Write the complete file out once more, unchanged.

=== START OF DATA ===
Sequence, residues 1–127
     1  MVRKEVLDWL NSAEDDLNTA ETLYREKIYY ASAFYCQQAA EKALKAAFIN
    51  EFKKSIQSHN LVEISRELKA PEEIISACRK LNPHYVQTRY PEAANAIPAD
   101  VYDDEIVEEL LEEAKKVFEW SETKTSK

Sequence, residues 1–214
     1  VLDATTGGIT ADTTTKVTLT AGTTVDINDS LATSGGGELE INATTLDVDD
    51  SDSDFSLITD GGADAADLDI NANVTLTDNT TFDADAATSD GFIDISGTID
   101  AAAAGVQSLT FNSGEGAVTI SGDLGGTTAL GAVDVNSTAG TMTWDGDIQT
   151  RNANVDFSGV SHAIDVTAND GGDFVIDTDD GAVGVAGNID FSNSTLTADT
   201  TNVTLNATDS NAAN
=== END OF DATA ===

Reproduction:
Sequence, residues 1–127
     1  MVRKEVLDWL NSAEDDLNTA ETLYREKIYY ASAFYCQQAA EKALKAAFIN
    51  EFKKSIQSHN LVEISRELKA PEEIISACRK LNPHYVQTRY PEAANAIPAD
   101  VYDDEIVEEL LEEAKKVFEW SETKTSK

Sequence, residues 1–214
     1  VLDATTGGIT ADTTTKVTLT AGTTVDINDS LATSGGGELE INATTLDVDD
    51  SDSDFSLITD GGADAADLDI NANVTLTDNT TFDADAATSD GFIDISGTID
   101  AAAAGVQSLT FNSGEGAVTI SGDLGGTTAL GAVDVNSTAG TMTWDGDIQT
   151  RNANVDFSGV SHAIDVTAND GGDFVIDTDD GAVGVAGNID FSNSTLTADT
   201  TNVTLNATDS NAAN